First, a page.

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New discovery at Portus, the ancient port of Rome, features in the Daily Telegraph

Published: 13 July 2010Origin: Archaeology
Portus Canal

Archaeologists from the University of Southampton, University of Cambridge and the British School at Rome have discovered one of the largest canals every built by the Romans. They believe it linked Portus with the nearby Roman river port of Ostia.

The image shows an aerial view from Portus across the Fossa Traiana towards the Isola Sacra with Ostia in the far distance, an area that was crossed by the newly-discovered canal.

The Portus team have found what we think is one of the biggest canals ever built by the Romans. Our geophysics work has identified what appears to be a 90 metre-wide canal, running southwards across the Isola Sacra from the maritime port of Portus to the river port at Ostia. Our current hypothesis is that this may have enabled cargo to be transferred from big ocean-going ships to smaller river vessels at Portus, and then on via the canal to Ostia for handling at the river port. Such a canal would have replaced the supposed overland route along the Via Flavia. Our latest work provides a new and important contribution to understanding the broader relationship of Portus to both Ostia and Rome.

An extraordinary trading network

We know of other, contemporary canals at the port which were 20-40 metres wide, and even those were big. But this is wider than anything we have found to date at Portus. It was so big that there seems to have been an island in the middle of it, and there was a bridge that crossed it. This new information further develops our understanding of the extraordinary trading network that the Romans developed throughout the Mediterranean basin, from Spain to Egypt and Asia Minor. Our work at Portus is also providing compelling evidence that trading links with North Africa in particular were much more extensive than previously believed. We have found hundreds of amphorae which were used to transport oil, wine and a pungent fermented fish sauce called garum from what is now modern Tunisia and Libya. Huge quantities of wheat were also imported from what were then the provinces of Africa Proconsularis and Egypt.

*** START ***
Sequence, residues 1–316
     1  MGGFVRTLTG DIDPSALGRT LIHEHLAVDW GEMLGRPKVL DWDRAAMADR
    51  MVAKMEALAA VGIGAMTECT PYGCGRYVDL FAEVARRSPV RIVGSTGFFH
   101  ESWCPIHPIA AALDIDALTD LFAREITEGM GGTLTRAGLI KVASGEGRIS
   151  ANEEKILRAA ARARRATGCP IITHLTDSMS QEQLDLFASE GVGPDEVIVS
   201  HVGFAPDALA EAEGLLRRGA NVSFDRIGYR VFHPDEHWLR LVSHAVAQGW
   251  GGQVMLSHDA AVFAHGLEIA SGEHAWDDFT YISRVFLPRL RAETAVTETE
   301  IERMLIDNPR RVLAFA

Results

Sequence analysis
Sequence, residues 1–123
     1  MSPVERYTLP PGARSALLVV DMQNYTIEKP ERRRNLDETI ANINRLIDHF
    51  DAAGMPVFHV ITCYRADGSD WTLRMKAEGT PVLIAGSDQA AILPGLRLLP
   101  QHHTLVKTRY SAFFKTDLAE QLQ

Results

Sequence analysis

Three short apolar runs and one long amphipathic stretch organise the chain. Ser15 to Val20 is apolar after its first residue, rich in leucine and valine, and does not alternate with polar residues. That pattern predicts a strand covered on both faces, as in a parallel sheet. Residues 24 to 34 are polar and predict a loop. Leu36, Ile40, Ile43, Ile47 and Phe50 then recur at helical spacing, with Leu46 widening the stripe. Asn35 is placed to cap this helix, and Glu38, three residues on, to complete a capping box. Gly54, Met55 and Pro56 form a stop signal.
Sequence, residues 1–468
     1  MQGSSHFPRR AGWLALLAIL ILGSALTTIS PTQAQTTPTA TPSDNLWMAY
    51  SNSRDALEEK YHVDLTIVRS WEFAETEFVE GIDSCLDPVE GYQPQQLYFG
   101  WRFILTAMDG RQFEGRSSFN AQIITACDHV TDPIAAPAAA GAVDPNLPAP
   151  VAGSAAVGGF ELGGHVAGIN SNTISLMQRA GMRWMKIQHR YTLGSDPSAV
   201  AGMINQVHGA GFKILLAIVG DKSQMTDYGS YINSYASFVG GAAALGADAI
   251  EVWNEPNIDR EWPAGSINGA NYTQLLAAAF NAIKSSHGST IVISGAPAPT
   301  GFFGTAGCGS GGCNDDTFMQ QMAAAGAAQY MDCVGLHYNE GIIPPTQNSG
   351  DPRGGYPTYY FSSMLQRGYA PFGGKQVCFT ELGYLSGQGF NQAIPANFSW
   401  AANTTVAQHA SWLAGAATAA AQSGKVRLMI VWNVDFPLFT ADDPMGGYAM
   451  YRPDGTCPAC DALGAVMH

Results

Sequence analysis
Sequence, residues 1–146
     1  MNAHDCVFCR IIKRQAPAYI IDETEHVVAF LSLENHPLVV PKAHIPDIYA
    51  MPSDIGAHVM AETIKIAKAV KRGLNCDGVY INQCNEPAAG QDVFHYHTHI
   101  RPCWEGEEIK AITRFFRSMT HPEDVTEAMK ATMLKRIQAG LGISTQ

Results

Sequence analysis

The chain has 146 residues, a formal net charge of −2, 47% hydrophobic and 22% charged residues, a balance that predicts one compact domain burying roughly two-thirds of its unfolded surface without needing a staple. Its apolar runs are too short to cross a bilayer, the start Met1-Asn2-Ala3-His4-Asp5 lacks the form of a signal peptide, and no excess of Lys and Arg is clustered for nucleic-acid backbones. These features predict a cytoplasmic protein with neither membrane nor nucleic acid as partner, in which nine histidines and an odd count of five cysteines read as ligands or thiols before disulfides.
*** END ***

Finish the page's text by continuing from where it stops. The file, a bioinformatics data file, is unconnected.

The recent work has shown is that there was a particular preference for large scale imports of wheat from North Africa from the late second century AD right through to the fifth and maybe sixth centuries. It is our belief that Portus and Ostia would have been home to a large expatriate population of North African trading families and commercial agents, the names of whom have been preserved on inscribed tombstone and career inscriptions. The population would have been very cosmopolitan and there would have been significant numbers of people from a range of ports and cities in Africa Proconsularis.

More discoveries waiting to be unearthed

The recent geophysical discoveries have further emphasised how much less is known about Portus than neighbouring Ostia, and that there are many discoveries waiting to be unearthed which could augment the understanding of ancient Rome’s sophisticated trading network. These and other discoveries were presented at a workshop held at the British School at Rome on 12 July, organised by Simon Keay (University of Southampton/British School at Rome) and Angelo Pellegrino (Soprintendenza Speciale per i Beni Archeologici di Roma).

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